How communities and big cats are coexisting

Two male lions lying on their backs on a savannah


In Southern Africa’s massive Kavango Zambezi Transfrontier Conservation Area (KAZA), 20% of Africa’s lions share space with some 2.7 million people—many of whom depend on livestock to survive. With prides of up to 30 members, lions have a lot of mouths to feed—and while they are skilled hunters of wild prey, they aren’t above hopping into a livestock enclosure for an easy, captive meal. Unfortunately, this sets the stage for conflicts with livestock owners, who sometimes kill lions to protect their animals—or in retaliation for their losses.

One way WWF fosters a healthier coexistence between communities and these 400-pound cats is by supporting local organizations that monitor lion movement and conduct other conflict reduction work—such as building lion-proof livestock enclosures, known as kraals (over the past few years, 300 new kraals have been built and 1,000 existing ones improved).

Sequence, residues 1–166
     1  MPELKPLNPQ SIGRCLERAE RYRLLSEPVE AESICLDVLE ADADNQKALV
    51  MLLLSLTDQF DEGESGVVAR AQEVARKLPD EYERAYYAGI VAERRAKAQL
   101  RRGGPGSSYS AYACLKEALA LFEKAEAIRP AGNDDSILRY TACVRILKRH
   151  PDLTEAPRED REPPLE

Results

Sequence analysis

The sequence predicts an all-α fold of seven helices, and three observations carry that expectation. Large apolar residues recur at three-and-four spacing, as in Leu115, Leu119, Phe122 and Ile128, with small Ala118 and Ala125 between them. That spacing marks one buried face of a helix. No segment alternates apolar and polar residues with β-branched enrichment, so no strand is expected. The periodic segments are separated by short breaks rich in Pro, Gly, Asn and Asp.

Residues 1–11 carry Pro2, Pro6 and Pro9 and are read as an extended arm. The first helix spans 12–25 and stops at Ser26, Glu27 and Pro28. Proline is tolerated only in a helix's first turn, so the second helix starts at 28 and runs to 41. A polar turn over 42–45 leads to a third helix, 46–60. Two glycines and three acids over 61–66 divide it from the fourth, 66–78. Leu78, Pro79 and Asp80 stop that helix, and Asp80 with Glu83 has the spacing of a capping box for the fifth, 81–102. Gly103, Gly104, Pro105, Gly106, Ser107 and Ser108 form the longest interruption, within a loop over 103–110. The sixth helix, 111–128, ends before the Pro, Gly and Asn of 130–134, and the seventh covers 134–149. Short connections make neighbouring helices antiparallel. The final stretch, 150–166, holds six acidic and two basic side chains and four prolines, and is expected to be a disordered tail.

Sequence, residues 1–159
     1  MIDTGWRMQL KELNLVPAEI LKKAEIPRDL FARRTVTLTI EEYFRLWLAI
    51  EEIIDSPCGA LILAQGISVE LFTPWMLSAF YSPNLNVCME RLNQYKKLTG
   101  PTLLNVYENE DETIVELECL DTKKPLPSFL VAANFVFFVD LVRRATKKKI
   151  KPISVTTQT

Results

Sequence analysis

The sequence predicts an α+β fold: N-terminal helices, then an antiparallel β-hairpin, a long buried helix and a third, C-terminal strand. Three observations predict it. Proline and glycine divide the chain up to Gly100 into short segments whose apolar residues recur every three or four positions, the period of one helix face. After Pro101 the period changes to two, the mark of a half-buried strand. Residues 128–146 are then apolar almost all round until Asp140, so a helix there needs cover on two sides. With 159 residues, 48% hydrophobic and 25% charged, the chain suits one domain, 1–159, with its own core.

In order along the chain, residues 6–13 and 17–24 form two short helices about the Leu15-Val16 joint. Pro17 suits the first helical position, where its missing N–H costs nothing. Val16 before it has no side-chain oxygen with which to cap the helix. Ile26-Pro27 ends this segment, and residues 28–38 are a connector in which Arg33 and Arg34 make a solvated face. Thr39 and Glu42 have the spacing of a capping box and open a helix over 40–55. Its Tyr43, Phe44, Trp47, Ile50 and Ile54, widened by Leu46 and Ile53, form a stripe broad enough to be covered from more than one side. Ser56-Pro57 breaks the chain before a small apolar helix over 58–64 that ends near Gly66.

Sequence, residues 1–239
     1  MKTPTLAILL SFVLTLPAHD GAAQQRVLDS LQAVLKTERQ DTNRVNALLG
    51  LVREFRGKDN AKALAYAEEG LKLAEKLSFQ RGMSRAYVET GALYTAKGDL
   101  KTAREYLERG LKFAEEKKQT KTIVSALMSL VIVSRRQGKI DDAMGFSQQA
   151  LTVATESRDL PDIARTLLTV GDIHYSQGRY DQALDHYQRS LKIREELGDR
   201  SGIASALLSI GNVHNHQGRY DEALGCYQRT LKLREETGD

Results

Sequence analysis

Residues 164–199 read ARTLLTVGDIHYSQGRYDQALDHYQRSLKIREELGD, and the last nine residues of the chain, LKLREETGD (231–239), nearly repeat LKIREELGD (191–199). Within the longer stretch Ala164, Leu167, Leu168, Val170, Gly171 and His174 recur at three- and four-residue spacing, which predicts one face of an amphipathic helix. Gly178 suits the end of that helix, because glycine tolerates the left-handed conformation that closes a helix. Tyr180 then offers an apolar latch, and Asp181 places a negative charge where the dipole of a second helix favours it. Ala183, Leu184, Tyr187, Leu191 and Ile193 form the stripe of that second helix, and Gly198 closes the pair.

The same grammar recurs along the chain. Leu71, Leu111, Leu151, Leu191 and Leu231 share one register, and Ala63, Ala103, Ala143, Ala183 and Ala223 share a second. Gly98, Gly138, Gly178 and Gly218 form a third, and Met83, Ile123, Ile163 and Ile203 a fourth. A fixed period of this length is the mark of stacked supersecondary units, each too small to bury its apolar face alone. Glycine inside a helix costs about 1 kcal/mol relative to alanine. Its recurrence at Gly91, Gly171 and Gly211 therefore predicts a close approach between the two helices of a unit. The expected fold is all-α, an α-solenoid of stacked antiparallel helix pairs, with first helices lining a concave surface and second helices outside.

WWF also supports efforts to collar and track lions, set up lion alert systems, and use data on large carnivore movements and conflict hot spots to guide land-use plans.

“For conservation to succeed, it must reduce the burden rural communities bear due to the proximity of large predators, and it must ensure that people directly benefit from the presence of wild animals in a meaningful way,” notes Dr. Jess Isden of WildCRU, a WWF partner. “We need patience, hard work, and the integration of multiple approaches,” she adds, “that are centered on community priorities and not just our own.”

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